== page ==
The pound edged higher against its main rivals on Thursday (19 January), as Theresa May told the World Economic Forum in Davos that Britain remained open for business.

Sterling had lost ground in the previous session, as traders cashed in on profits following the rally triggered by the Prime Minister's Brexit speech on Tuesday, but climbed above $1.23 again as May took to the stage in Davos.

By early afternoon, the UK currency was 0.62% higher against the euro and 0.51% up against the dollar, trading at €1.1600 and $1.2320 respectively, having dipped slightly after May's speech was met by a somewhat lukewarm response.

Over in Europe, the euro was 0.37% lower against the dollar, fetching $1.0591, after the European Central Bank (ECB) maintained its bond-buying programme until at least December, in line with market expectation, as it kept interest rates unchanged at zero.

ECB President Mario Draghi refused to be drawn into comments by incoming US president Donald Trump about his preference for a lower dollar. "I do not wish to comment on Donald Trump," he said. "Once he takes office, let's see what his real policies are like."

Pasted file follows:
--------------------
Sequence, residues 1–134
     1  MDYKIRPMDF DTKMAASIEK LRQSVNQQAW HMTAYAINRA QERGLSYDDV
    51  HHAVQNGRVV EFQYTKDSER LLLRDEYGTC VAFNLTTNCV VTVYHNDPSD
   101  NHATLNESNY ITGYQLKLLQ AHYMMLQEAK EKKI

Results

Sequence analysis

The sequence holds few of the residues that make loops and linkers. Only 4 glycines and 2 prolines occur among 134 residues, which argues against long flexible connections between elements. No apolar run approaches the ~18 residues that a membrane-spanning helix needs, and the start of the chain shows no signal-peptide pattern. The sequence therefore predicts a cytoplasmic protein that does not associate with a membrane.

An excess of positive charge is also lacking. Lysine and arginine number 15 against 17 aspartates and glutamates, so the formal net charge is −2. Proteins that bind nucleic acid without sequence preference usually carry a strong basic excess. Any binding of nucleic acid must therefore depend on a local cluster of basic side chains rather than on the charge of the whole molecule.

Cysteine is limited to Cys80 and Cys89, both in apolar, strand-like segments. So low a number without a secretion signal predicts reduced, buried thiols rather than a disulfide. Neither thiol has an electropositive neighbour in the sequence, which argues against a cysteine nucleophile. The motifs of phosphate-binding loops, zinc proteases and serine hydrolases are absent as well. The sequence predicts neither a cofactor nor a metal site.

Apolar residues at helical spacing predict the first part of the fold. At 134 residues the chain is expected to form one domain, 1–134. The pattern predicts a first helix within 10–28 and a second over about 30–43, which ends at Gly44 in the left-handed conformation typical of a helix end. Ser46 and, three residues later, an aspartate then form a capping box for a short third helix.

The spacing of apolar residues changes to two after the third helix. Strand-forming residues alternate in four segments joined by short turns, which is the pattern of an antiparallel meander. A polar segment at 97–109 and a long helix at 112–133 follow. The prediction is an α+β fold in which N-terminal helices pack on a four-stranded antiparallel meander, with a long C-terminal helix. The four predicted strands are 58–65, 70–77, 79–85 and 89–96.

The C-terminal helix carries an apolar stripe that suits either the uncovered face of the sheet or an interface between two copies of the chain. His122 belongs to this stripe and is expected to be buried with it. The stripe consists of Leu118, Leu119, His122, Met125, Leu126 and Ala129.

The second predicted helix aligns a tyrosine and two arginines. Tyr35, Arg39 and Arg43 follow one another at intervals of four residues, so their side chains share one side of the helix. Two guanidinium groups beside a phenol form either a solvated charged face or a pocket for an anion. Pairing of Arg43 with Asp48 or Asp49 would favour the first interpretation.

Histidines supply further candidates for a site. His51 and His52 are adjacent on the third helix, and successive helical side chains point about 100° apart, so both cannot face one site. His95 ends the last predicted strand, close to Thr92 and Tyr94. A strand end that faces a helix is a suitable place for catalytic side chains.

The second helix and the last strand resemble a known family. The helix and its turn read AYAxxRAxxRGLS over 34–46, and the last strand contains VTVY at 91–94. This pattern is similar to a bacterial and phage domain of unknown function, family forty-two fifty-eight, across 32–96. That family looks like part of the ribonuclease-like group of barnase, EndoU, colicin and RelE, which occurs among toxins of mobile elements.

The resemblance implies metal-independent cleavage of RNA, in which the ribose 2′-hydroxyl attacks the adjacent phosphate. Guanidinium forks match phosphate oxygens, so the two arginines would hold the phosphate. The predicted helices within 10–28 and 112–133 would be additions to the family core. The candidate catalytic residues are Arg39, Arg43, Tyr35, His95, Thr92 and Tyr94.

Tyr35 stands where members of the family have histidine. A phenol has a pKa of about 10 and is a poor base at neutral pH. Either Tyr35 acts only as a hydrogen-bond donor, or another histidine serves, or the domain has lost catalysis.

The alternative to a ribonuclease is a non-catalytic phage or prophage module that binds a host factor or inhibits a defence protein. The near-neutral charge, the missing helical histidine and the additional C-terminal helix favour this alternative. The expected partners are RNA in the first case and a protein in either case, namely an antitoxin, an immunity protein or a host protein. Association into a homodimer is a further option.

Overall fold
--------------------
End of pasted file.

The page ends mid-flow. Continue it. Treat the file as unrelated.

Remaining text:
Draghi also said he expected headline inflation to rise owing to rising oil prices and added that it was too early to comment on how Brexit negotiations might pan out or for that matter what policy measure might be needed in the event's aftermath.

However, Fawad Razaqzada, market analyst at Forex.com, said parity between euro and dollar might no longer be as foregone a conclusion as it had seemed last month.

"When the ECB extended its quantitative easing programme and the Fed hiked interest rates in December, it looked almost certain that the EUR/USD was heading to parity," he said.

Across the Atlantic, the dollar rallied overnight after Yellen hinted at increasing interest rates further, before pulling back again as investors fretted ahead of Trump's inauguration.

Speaking to the Commonwealth Club of California in San Francisco, the US Federal Reserve chairwoman said it "makes sense" for the US central bank to raise rates gradually as holding them off for a long period could "risk a nasty surprise down the road".

However, the gains soon petered out and, shortly before the opening bell in New York, the greenback was flat against the yen at ¥114.56, but fell 0.18% against the Swiss Franc and was 0.69% lower against the Australian dollar, buying CHF1.0056 and AUD$1.3228 respectively.

The dollar did, however, gain 0.10% against its Canadian counterpart to CAD$1.3280, after the Bank of Canada kept its main policy interest rate on hold at 0.5% on Wednesday afternoon, as it has since the last cut in July 2015.